When it comes to sperm meeting eggs in sexual reproduction, conventional wisdom holds that the fastest swimming sperm are most likely to succeed in their quest to fertilize eggs. That wisdom was turned upside down in a new study of sperm competition in fruit flies (Drosophila melanogaster), which found that slower and/or longer sperm outcompete their faster rivals.
The study, recently published online in Current Biologyand forthcoming in print on Sept. 25, was done by a team of scientists led by corresponding author Stefan Lüpold, a post-doctoral researcher in the Department of Biology in the College of Arts and Sciences. The team made the discovery using fruit flies that were genetically altered so that the heads of their sperm glow fluorescent green or red under the microscope. The fruit flies, developed by biology Professor John Belote, enable researchers to observe sperm in real time inside the female reproductive tract.
“Sperm competition is a fundamental biological process throughout the animal kingdom, yet we know very little about how ejaculate traits determine which males win contests,” says Lüpold, a Swiss National Science Foundation Fellow working in the laboratory of biology Professor Scott Pitnick. “This is the first study that actually measures sperm quality under competitive conditions inside the female, allowing us to distinguish the traits that are important in each of the reproductive phases.”
The research is also significant because the scientists studied naturally occurring variations in sperm traits, rather than manipulating the test populations for specific traits. After identifying and isolating groups of males with similar ejaculate traits that remained constant across multiple generations, the scientists mated single females with pairs of males from the different groups. “This approach allowed us to simultaneously investigate multiple ejaculate traits and also observe how sperm from one male change behavior depending upon that of rival sperm,” Lüpold says.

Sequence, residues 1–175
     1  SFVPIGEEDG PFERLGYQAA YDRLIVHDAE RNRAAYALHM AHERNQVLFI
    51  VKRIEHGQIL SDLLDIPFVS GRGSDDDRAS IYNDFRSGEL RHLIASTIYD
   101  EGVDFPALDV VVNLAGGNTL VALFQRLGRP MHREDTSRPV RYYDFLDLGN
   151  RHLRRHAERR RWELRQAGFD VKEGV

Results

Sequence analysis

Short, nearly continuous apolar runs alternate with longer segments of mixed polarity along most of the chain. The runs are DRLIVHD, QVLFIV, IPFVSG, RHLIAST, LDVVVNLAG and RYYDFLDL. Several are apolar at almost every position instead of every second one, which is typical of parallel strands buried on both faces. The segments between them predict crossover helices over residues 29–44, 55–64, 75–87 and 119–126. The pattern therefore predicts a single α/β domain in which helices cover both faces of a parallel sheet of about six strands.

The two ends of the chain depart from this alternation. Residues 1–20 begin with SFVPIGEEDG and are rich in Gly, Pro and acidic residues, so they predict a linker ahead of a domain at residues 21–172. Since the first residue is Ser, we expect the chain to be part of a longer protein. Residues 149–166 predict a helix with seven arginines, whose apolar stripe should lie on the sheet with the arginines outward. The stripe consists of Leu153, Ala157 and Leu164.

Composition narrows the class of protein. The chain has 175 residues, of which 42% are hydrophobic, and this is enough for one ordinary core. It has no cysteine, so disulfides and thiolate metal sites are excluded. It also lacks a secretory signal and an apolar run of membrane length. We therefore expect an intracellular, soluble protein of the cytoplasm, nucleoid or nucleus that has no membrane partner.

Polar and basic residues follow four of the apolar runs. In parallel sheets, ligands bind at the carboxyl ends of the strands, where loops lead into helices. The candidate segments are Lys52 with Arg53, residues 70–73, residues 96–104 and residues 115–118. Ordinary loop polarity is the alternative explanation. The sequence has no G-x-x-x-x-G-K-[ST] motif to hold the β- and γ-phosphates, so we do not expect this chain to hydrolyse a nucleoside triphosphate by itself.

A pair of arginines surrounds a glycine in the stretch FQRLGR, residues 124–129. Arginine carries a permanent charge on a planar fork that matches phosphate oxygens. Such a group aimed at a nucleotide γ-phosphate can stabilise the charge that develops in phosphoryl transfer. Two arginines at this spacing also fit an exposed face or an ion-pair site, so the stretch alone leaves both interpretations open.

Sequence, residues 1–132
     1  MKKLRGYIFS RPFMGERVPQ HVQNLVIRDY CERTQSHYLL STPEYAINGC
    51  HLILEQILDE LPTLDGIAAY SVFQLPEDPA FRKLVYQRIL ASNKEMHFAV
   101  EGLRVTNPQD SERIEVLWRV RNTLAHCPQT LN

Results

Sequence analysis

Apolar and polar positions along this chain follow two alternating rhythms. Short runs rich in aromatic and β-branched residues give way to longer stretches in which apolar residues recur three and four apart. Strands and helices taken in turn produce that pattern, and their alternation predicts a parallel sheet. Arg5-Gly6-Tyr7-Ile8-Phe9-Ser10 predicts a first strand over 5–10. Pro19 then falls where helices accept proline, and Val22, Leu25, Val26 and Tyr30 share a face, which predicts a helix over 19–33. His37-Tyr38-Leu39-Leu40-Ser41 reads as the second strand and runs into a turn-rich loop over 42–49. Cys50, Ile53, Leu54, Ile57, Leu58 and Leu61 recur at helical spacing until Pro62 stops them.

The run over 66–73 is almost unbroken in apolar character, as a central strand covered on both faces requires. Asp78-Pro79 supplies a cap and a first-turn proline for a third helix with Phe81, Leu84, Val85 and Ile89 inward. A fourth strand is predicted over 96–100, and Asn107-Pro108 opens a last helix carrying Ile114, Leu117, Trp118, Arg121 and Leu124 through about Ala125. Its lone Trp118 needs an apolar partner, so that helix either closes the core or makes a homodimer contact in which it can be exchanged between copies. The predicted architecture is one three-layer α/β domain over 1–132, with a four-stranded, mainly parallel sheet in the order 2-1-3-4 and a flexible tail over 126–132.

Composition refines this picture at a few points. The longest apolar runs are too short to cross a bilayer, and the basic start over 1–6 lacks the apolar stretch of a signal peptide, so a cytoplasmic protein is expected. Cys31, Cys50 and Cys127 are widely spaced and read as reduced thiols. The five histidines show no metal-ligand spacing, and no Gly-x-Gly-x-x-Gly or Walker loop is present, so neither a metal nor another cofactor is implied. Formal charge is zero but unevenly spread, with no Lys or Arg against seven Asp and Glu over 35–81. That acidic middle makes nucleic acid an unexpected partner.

Female fruit flies mate about every three days. Sperm from each mating swim through the female bursa into a storage area until eggs are released. Eggs travel from the ovaries into the bursa to await the sperm. However, sperm battles actually take place within the storage area. After each mating, new sperm try to toss sperm from previous matings out of storage. The female then ejects the displaced sperm from the reproductive system, eliminating the ejected sperm from the mating game. The researchers observed that longer and slower-moving sperm were better at displacing their rivals and were also less likely to be ejected from storage than their more agile counterparts.
“The finding that longer sperm were more successful is consistent with earlier studies,” Lüpold says. “However, the finding that slower sperm also have an advantage is counterintuitive.”
Why slower sperm have an advantage is still open to speculation. “It could be that, when swimming back and forth in storage, slower sperm hit the exit less frequently and are therefore less likely to be pushed out,” Lüpold says. “Or, because sperm velocity is dependent on the density of sperm within the narrow storage area, it could be that velocity isn’t really the target of sexual selection in fruit flies, but is rather a consequence of the amount of sperm packed into the storage organ.”
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Thanks to Syracuse University for this article.